November 10, 2012 by Kriscinda Lee Everitt
Of course, as soon as I start a new blog, I get sidetracked. Or, more accurately, called away (literally). I haven’t posted in a few weeks because of a family emergency that took me out of the country for a bit. I ended up getting sick and have been recuperating at home for the last week and trying to catch up on the lengthy list of to-dos.
A lot has gone on over the past few weeks. Big A found a job with a local nursery and has been out of the house from 7:30am to about 5pm. For me, I’ve been doing a little bit here and there, every day. I’ve been networking and on the hunt for editing gigs, I’ve been cleaning and unpacking, I’ve been trying to perform the little tasks that need to be done (such as tightening the screws on the upstairs bathroom door, which the flooring guy apparently didn’t know how to do after he re-installed it, so that it shuts properly).
Lately, what with having bought this house, and all the unexpected expenses having pummeled us since last month—several road trips to Canada, two car maintenance bills, and a surprise vet excursion for Moggy, among other things—I’ve been thinking a lot about money. Specifically, how to conserve it.
We have a downstairs pantry that, once the garden is up and running and the season has played itself out, will be full of tasty, home-grown canned yummies. We also have a huge chest freezer, which will go the way of the pantry at the end of the summer and be full of frozen goodness to carry us through the winter. But that is a lot of work and many months away. It seems like the best thing we can do right now is look for deals and stock up on necessities when they’re cheap.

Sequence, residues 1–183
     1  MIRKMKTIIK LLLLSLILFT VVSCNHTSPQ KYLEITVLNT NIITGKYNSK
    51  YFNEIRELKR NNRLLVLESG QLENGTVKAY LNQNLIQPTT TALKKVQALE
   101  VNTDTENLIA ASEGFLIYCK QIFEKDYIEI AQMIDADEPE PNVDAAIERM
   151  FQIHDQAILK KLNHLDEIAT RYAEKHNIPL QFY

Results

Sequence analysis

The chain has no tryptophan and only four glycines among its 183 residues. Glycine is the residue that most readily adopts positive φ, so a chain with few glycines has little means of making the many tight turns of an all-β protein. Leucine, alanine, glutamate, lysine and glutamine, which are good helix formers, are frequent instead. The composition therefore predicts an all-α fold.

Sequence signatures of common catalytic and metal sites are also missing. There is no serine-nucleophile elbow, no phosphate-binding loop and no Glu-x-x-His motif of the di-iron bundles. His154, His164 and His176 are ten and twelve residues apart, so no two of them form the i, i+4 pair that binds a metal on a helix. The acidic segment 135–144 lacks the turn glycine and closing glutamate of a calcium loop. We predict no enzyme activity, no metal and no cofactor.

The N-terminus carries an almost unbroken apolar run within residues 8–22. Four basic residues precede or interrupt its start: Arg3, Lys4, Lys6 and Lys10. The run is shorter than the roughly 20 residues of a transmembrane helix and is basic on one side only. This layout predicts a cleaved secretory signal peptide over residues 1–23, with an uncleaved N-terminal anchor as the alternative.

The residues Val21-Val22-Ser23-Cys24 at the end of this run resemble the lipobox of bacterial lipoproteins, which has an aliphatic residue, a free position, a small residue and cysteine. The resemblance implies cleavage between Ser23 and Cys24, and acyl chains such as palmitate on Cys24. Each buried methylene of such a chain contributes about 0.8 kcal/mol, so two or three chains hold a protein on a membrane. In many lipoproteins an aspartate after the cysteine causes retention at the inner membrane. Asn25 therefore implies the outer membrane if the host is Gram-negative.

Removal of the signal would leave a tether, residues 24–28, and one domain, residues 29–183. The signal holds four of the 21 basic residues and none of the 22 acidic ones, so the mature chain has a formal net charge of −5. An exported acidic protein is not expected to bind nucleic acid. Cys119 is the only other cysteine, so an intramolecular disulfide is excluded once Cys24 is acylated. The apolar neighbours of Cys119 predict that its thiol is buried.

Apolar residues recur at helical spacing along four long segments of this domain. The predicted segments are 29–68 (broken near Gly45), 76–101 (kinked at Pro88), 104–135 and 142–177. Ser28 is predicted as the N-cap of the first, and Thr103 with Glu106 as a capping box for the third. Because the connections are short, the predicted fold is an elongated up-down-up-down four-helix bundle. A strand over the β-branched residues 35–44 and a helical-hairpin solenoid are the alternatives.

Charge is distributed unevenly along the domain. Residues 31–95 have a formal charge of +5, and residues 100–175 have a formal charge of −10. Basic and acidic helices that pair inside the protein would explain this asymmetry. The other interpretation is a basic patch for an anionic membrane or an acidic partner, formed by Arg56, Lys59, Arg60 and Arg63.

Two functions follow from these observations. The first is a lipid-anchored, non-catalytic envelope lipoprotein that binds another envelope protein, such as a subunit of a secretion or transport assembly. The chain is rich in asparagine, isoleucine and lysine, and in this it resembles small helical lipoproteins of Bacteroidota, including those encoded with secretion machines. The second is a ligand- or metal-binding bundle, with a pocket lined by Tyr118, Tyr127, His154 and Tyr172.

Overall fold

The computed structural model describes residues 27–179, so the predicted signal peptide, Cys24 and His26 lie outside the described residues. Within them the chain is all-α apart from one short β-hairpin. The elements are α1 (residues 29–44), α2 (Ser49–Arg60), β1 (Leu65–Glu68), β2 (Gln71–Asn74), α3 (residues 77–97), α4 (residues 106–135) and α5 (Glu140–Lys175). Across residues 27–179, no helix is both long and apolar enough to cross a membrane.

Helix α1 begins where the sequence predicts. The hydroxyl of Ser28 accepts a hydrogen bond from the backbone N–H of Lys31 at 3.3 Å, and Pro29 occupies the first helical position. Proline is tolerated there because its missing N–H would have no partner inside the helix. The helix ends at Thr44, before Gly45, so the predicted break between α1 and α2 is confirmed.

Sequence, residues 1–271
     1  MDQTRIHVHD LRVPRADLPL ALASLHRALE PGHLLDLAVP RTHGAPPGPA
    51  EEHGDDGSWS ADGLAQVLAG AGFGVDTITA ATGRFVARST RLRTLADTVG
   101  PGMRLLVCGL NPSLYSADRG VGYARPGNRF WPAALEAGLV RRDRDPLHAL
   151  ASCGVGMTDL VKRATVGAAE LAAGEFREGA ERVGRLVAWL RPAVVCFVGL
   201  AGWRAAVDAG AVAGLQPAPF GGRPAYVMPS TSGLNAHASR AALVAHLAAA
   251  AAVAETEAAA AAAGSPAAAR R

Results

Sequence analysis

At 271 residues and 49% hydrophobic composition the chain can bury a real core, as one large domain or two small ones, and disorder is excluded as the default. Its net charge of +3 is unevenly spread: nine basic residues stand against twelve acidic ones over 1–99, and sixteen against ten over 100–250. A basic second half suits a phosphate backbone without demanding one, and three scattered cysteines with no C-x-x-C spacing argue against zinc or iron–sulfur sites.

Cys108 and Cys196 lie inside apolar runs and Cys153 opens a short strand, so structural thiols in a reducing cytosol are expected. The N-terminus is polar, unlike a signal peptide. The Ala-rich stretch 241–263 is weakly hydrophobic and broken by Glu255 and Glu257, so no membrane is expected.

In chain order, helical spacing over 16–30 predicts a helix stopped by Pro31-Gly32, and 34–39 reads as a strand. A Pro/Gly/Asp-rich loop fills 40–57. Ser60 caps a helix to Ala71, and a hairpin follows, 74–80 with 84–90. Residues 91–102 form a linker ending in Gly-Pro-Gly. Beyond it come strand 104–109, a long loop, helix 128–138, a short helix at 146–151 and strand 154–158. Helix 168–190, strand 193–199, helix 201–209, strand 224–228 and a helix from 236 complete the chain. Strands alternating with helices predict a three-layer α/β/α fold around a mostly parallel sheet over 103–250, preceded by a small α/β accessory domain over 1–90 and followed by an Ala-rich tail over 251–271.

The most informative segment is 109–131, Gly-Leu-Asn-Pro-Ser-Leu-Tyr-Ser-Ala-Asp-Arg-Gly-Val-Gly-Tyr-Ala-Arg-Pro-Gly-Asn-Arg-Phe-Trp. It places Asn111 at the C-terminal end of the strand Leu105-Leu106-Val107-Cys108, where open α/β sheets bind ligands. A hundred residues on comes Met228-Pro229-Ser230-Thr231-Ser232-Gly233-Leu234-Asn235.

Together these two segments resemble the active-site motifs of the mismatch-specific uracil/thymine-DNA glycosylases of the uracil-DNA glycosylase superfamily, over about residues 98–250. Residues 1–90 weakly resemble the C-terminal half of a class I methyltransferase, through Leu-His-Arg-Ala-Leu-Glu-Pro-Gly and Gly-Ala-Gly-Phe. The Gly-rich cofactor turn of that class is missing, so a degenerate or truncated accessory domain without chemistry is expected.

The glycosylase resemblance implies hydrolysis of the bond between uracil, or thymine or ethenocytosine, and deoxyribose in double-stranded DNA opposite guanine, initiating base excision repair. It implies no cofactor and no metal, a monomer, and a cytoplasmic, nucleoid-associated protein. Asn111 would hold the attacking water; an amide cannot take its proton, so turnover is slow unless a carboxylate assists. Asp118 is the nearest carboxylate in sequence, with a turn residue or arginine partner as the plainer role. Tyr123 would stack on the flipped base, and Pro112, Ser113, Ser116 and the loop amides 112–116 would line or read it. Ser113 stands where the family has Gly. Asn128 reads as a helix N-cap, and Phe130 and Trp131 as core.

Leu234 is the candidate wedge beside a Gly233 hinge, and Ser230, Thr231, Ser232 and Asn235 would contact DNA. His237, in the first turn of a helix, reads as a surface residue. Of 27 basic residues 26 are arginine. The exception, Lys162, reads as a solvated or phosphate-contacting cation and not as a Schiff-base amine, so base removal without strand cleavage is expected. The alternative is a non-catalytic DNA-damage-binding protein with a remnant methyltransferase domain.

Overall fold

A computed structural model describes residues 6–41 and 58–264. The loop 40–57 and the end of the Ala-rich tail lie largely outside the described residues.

This is one of those things that you know in the long run is the good and wise thing to do—it will save us money, it will make life easier. It’s also one of those things that you know will be awesome later, but seems daunting to begin, because it involves spending large chunks of money to start out. It costs money to start your stockpile, but once it’s going, it’s relatively easy to maintain and it cuts costs quite a bit.
Well, we’ve got to start somewhere.
That said, I saw a some blogs that had a couple of timely, perhaps even fun challenges: Cheapchick’s No More Christmas Crap Campaign and SFT’s Sealed Pot Challenge. Both of these seem like good places to start living a more frugal, post-consumerist life. Neither are particularly difficult—the only hard part is when the rules challenge your usual, lifetime-ingrained practices of throwing money out the window. However, when you’re challenged in that way, it forces you to think about what you’re doing, and when you’re forced to think about what you’re doing, you can better, more easily see the things that need to be changed.